Here are some of the disturbing findings from the just-published FRA report:

Two-thirds of Jewish respondents consider anti-Semitism to be a problem today in their countries.

Three-fourths believe the problem has gotten worse in the past five years.

One-third fear a physical attack against themselves, as Jews, within the next 12 months.

More than one-half claim they personally witnessed an incident where the Holocaust was denied, trivialized, or exaggerated.

Twenty-three percent say they at least occasionally avoid attending Jewish events or visiting Jewish sites because of safety concerns.

And more than 40 percent of those surveyed in Belgium, France, and Hungary indicate they have considered emigrating because of the situation.

Equally troubling, to quote the study, is the following result: “A majority of the victims of anti-Semitic harassment (76%), physical violence or threats (64%), or vandalism of personal property (53%) did not report the most serious incident, namely the one that most affected the respondent, in the past five years to the police or to any other organization.”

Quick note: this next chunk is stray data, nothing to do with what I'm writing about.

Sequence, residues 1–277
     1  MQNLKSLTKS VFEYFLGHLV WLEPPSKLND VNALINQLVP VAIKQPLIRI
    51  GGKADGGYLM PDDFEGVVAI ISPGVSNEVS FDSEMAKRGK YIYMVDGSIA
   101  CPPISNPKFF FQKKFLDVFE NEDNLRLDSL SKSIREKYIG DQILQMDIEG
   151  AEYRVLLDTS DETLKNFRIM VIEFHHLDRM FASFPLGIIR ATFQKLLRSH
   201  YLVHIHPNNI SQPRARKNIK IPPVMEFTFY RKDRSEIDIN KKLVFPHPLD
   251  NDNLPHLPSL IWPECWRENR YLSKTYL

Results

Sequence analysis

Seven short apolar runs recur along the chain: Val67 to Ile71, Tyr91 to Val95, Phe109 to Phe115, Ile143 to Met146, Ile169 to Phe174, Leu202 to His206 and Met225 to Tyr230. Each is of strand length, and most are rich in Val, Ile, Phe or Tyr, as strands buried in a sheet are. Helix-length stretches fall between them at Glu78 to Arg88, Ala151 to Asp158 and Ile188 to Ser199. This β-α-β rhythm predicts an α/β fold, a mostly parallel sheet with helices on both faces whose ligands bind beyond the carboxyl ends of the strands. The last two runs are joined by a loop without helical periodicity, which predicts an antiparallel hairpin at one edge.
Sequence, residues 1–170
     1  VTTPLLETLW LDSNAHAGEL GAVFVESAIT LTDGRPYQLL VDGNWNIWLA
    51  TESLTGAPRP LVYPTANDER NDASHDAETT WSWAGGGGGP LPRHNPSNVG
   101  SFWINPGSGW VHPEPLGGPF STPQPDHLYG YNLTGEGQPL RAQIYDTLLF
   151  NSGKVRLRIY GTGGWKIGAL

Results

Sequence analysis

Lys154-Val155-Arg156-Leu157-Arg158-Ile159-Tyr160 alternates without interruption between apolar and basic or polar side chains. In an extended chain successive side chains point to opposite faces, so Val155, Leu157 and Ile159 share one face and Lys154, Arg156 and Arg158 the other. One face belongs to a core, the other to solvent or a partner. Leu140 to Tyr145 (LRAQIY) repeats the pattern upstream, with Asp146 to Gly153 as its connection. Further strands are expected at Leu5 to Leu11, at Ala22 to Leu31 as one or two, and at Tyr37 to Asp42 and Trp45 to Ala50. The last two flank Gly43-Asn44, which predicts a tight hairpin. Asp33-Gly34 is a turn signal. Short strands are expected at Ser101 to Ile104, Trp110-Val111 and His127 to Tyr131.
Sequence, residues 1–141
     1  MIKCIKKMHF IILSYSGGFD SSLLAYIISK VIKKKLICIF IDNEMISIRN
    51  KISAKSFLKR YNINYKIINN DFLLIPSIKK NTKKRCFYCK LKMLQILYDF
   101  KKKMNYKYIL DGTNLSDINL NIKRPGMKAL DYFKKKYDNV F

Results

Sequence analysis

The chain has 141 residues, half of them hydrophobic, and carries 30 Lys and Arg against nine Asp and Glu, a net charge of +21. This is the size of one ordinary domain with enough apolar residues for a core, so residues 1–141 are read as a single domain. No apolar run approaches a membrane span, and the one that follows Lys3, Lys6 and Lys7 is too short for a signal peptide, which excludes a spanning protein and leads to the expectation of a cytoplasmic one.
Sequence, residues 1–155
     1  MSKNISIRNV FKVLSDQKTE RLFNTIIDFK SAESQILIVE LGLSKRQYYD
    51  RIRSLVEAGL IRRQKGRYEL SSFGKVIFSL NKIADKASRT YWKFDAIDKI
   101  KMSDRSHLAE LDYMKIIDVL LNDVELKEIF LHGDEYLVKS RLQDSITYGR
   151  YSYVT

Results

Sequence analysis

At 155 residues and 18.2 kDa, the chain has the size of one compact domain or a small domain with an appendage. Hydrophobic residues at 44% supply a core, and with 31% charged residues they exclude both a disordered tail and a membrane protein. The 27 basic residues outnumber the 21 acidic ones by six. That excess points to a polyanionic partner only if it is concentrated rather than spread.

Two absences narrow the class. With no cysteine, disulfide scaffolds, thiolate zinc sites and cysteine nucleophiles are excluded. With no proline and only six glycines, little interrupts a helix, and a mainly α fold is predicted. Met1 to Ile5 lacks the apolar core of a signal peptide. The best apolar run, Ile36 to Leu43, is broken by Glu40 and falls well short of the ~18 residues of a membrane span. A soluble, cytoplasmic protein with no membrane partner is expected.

In other words, if the majority of victims of anti-Semitic incidents are not even reporting them to the authorities, then they do not have confidence in the system, fear retribution from the perpetrators, are unaware of where to go for help, or have somehow come to accept the bigoted behavior as part of the “price” of being Jewish.

Whatever the explanation, it is unacceptable. Going forward, EU governments should strive mightily to ensure not only a dramatic decline in the number of anti-Semitic incidents, but also that those that do occur are reported to the proper authorities. Citizens of a democratic society should never have to feel helpless or abandoned.

And it should make no difference if the anti-Semitic act comes from extreme-right, extreme-left, radical Islamic, or other sources. Targeting an individual because of his or her specific group identity – in this case, as a Jew – is a potential hate crime, and should be treated as such.